Passes that set up a teammate to take a shot. These are highly correlated with assists, which are passes to teammates who score a goal quickly after. (Note: This is the same stat as Chances Created. Somewhere along the way Opta made Key Passes only mean passes that lead to shots that are NOT goals and CC is all. Which is weird.)

Through Balls

Opta definition: a pass splitting the defence for a team-mate to run on to. Why do we care? These types of passes are generally considered the single type of passes most likely to score a goal.

Scoring Contribution

Combined non-penalty goals and assists per 90 minutes.


PAdj stands for “possession adjusted” stats. The reason why we do this is because it normalizes defensive stats for opportunity. Think about it this way: If your teammates always have the ball, then you can’t make any defensive actions, and you would look worse in this statistic compared to a Tony Pulis-style team that sits deep and constantly defends.

When adjusted for possession, tackles and interception output becomes moderately correlated with shots conceded and goals against, as opposed to having no correlation without the adjustment. In short, it’s an imperfect adjustment, but much better than not having the adjustment at all.


In the bottom left of every radar is the actual statistical output in numbers for each spoke of the radar. Numbers in green are in the Top 5% of output in that stat for the player population and numbers in red are the Bottom 5%.

Forwards + Attacking Midfielder Shapes

Pure Goalscorer


Elite Creative passer


Wide, Dribbling Playmaker


All Around Super Forward


Starfish of Futility


Bowtie of Sadness

Josmer_Volmy Altidore_2014-15

Central and Defensive Midfielders

Pure DM


Heavy Attacking CM


Deep-lying Playmaker


General All Around CM







All Around


I broke down fullbacks in detail here: http://statsbomb.com/2014/07/introducing-and-explaining-fullback-radars-sagna-debuchy-lahm-alves-and-more/

Center Backs

These were developed later, and to be perfectly honest, they are less valid overall than the other positional templates. I knew this ahead of time, but legendary Scotland, Everton, and Rangers player David Weir - who is also a centerback - asked me to take a swipe at creating these and I couldn't say no. They give you a sense of how a centerback plays, but become tricky beyond that.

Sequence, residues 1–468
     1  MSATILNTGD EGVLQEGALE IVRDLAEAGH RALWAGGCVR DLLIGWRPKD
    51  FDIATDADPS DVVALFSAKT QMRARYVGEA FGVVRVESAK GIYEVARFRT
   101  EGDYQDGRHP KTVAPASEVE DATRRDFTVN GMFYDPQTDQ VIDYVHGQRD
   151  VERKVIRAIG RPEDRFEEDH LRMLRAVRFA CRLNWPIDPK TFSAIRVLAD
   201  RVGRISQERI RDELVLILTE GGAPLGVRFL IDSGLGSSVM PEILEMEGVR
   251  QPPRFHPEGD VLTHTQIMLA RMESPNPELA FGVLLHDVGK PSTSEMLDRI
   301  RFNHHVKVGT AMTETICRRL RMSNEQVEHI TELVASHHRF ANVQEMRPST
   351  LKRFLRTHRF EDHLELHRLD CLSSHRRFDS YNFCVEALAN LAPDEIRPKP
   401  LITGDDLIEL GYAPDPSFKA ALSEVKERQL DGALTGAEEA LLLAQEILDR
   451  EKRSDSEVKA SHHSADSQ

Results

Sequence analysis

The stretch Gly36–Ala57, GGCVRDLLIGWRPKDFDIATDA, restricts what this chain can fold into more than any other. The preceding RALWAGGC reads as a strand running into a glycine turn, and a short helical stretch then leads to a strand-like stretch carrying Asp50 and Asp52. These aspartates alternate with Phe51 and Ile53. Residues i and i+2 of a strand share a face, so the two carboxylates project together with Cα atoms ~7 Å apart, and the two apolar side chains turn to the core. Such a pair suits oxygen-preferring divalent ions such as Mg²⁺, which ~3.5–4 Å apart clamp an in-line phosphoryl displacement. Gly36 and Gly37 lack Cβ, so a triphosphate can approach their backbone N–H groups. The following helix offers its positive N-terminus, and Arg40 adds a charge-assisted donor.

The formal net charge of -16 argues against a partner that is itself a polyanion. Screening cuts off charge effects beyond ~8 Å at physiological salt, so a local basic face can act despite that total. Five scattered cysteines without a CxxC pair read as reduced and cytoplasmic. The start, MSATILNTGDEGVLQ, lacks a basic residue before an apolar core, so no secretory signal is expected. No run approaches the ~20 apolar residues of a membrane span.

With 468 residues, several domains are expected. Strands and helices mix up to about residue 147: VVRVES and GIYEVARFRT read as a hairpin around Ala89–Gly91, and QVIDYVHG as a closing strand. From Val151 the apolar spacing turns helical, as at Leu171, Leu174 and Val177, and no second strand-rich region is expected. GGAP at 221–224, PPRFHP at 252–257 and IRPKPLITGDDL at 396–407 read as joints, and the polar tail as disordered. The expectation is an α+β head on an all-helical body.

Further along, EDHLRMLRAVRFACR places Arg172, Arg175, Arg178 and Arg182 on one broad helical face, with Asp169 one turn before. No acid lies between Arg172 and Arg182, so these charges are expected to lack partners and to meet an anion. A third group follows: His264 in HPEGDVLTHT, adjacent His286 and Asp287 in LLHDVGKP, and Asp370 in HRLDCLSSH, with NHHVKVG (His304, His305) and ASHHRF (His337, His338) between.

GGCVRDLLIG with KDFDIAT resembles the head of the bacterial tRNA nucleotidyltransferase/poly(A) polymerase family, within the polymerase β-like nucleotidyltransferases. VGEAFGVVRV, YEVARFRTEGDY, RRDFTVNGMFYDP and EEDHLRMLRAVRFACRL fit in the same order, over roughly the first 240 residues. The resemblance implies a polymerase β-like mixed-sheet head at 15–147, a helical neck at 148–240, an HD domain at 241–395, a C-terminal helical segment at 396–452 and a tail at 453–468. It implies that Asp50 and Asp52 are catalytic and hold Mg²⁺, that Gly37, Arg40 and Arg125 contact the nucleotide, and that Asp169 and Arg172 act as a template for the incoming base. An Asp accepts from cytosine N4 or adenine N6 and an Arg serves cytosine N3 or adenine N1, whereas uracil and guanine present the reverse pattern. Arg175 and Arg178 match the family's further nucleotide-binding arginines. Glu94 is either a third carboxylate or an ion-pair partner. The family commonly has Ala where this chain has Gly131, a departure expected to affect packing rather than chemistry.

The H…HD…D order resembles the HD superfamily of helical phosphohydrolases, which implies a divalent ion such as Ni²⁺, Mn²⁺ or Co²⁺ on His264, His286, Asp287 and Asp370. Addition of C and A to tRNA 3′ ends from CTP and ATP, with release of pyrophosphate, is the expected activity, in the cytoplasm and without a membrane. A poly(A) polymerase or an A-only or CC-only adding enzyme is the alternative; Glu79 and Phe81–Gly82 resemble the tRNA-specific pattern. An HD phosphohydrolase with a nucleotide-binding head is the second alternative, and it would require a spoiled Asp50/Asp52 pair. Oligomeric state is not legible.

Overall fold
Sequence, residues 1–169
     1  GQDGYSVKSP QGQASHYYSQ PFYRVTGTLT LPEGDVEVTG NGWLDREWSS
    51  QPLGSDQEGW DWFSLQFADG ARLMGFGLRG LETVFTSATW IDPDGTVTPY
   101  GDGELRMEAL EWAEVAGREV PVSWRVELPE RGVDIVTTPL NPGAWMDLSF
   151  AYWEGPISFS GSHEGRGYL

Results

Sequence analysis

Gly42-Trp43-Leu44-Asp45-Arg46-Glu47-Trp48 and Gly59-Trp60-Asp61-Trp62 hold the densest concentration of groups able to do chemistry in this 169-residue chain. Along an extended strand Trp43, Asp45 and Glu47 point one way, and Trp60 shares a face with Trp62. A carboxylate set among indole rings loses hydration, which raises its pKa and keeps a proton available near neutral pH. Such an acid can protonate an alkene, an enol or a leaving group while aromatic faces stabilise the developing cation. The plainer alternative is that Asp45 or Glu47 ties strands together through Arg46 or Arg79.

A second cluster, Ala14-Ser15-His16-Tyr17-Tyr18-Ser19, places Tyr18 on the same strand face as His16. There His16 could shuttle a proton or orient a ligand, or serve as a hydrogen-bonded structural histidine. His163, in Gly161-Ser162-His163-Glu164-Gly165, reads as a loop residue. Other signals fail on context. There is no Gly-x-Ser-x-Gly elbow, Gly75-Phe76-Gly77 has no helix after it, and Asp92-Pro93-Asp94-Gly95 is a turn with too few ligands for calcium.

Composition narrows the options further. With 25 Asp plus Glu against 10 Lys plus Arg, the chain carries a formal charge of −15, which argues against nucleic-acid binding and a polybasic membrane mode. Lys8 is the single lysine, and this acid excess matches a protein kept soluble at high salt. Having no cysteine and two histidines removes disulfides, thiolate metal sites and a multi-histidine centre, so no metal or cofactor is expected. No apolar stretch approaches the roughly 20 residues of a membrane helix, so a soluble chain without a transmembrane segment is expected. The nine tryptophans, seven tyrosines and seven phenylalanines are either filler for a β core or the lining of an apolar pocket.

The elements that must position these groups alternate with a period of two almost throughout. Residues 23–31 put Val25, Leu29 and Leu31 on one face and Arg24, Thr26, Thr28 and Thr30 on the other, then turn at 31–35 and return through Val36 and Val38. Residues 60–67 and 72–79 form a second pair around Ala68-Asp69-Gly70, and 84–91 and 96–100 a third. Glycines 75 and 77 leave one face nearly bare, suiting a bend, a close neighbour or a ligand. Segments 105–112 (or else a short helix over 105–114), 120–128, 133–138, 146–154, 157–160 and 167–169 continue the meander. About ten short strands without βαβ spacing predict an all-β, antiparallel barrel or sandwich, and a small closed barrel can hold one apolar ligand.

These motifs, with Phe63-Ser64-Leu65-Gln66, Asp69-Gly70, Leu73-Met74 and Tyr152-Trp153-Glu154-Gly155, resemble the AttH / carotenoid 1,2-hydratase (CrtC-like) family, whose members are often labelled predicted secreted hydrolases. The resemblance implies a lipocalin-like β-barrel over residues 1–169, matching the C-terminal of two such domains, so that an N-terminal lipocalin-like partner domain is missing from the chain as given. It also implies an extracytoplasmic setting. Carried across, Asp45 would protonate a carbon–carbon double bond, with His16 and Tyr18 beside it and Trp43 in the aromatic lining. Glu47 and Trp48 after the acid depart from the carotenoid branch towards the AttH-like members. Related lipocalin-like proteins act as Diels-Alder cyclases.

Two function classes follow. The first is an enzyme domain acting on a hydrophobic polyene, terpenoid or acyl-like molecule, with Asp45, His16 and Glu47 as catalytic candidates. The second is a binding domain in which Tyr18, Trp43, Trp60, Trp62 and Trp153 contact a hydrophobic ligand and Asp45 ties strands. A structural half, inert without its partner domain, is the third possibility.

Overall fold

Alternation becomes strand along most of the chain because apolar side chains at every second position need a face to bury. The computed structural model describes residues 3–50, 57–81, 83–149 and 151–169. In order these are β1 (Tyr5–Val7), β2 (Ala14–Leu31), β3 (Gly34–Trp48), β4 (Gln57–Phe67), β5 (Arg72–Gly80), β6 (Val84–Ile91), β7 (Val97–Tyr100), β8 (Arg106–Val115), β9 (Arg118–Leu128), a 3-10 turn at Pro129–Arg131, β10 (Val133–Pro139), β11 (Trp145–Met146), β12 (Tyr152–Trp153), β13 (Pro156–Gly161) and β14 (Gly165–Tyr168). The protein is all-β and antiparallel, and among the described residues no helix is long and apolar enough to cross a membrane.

I do know that Thiago Silva is pretty fantastic, though.


--Ted Knutson


Introducing Possession-Adjusted Player Stats

We’ve known for a few months now that defensive rate stats at the team level are fairly useless. Tackles and interceptions – the base defensive action metrics -  have almost no correlation between shots allowed or goals scored. However... once you adjust these numbers at the team level for amount of possession, the r-squared when compared to shots conceded, goals allowed, etc generally shoots up in the .4 range, which is about the same as you get for possession itself. This isn’t perfect, but it’s not meaningless, which is a positive.

The reason we see a much higher correlation when we adjust defensive stats for possession is simple: opportunity. If your team has possession of the ball, you can’t rack up defensive rate stats.  Teams that have a ton of possession don’t give their opponent the ball very often, and thus can’t accumulate defensive stats.

What do you do when you know the basic rate stats are meaningless? You adjust them. Hopefully in a way that isn’t completely terrible, but we’ll wait and see on that.

But what about at the player level? Shouldn’t a guy who plays on a team that always has the ball (think of Sergio Busquets) get more credit than a guy who plays defense for a team that never has the ball (think anyone who plays for Tony Pulis)?

Of course! Math and logic both say this is correct.

So, those of us who are working on the player stats side of things need to adjust the numbers to compensate for this. As long as you have the data, this shouldn’t be that hard, right?

*sound of crickets chirping*